In addition, “there will be additional productions of discovery” provided by the Government, as it continues to process “some devices and search warrant returns.” Notably, the Government has not produced all interview-related materials, including certain witness statements and associated memorialization of those statements. [my emphasis]
Some of this doesn’t look that burdensome, or surprising. Trump mentioned 90 separate custodians. Well, DOJ has a list of 84 witnesses with whom it doesn’t want Nauta and Trump to speak, so this is partly saying that witnesses who testified were asked for discovery. The likely additional custodians are going to be entities like Trump’s own corporation, NARA, and the Secret Service.
Some of those records will include texts. The list of Bates stamps released last year shows 21,792 pages of unclassified documents seized last August that Trump’s lawyers already got to review in detail. The government may be obliged to turn over copies of some or all of the 15 boxes returned in January 2021, too, since Trump’s sort through them is part of the indictment.
It’s a lot. But it wouldn’t be a lot if Trump were using a discovery vendor.
What I find more interesting are the “devices and search warrant returns” that Jack Smith’s team is still processing. There are phones or computers that the government has not yet finished searching. And there are witness statements that — whether for ongoing investigative reasons or other sensitivities — DOJ has yet to turn over. That’s interesting!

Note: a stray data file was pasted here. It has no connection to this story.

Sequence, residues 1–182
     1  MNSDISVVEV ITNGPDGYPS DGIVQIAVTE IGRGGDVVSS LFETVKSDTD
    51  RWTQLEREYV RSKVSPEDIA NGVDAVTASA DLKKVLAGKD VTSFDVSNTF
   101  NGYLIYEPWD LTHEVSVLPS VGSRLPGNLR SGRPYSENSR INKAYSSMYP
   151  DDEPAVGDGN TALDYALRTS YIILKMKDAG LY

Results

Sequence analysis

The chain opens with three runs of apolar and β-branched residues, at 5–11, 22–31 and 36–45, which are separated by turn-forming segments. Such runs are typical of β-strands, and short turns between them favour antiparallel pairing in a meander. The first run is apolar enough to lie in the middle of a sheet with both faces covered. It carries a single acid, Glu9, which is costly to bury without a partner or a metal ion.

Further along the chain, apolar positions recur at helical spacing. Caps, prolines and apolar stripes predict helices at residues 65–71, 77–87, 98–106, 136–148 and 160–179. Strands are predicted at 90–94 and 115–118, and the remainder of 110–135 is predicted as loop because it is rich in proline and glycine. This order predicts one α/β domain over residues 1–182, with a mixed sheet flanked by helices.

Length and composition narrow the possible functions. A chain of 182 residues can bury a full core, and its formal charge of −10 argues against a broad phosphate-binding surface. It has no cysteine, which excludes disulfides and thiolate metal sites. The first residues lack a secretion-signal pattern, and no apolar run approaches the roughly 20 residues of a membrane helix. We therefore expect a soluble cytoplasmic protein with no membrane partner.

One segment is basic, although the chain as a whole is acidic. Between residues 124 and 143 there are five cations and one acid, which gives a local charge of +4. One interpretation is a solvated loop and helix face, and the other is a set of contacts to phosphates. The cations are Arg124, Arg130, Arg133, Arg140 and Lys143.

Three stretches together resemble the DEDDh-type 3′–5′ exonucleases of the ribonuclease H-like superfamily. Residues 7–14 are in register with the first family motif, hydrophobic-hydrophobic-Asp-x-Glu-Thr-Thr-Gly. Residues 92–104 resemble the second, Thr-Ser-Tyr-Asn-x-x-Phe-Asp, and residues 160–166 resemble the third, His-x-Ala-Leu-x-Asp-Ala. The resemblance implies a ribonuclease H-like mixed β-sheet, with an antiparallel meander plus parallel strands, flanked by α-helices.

Then there are the nine months of surveillance footage. As I noted in this post, in response to the original June subpoena for five months of surveillance footage, Trump turned over just two months. It’d be easy to see how DOJ came to request surveillance footage through December of last year (because documents kept moving around), and it’s unclear whether this includes footage from Bedminster in addition to Mar-a-Lago.
Still, all that footage came from Trump’s own properties! He’s just getting what he already owns back.
DOJ obtained far, far more surveillance footage after that original batch focused just on a basement hallway. And it’ll show the much more mundane stuff of Trump’s corrupt flunkies wandering around his properties — and possibly who knows what foreign parties nosing through boxes in the gaudy bathroom to see what kind of documents Trump brought home. DOJ will undoubtedly point Trump to what they consider the highlights. But I can understand why Trump wouldn’t want that video in the hands of anyone he couldn’t trust implicitly, often for reasons entirely unrelated to the case at hand.
All that said, DOJ has had this information for months and months.
And contrary to what leaks to that favorite right wing outlet Devlin Barrett would have you believe, it hasn’t leaked. Trump says a vendor whose entire business model depends on keeping secrets can’t be entrusted with these secrets. But the FBI has been sitting on some of them for almost a year and they haven’t leaked.
Trump’s lawyers may just be bullshitting here because it is the surest route to get this case declared a complex matter, entitling them to expanded pretrial delays. But the claims about the sensitivity of the discovery they’re making to support that argument are fairly astonishing.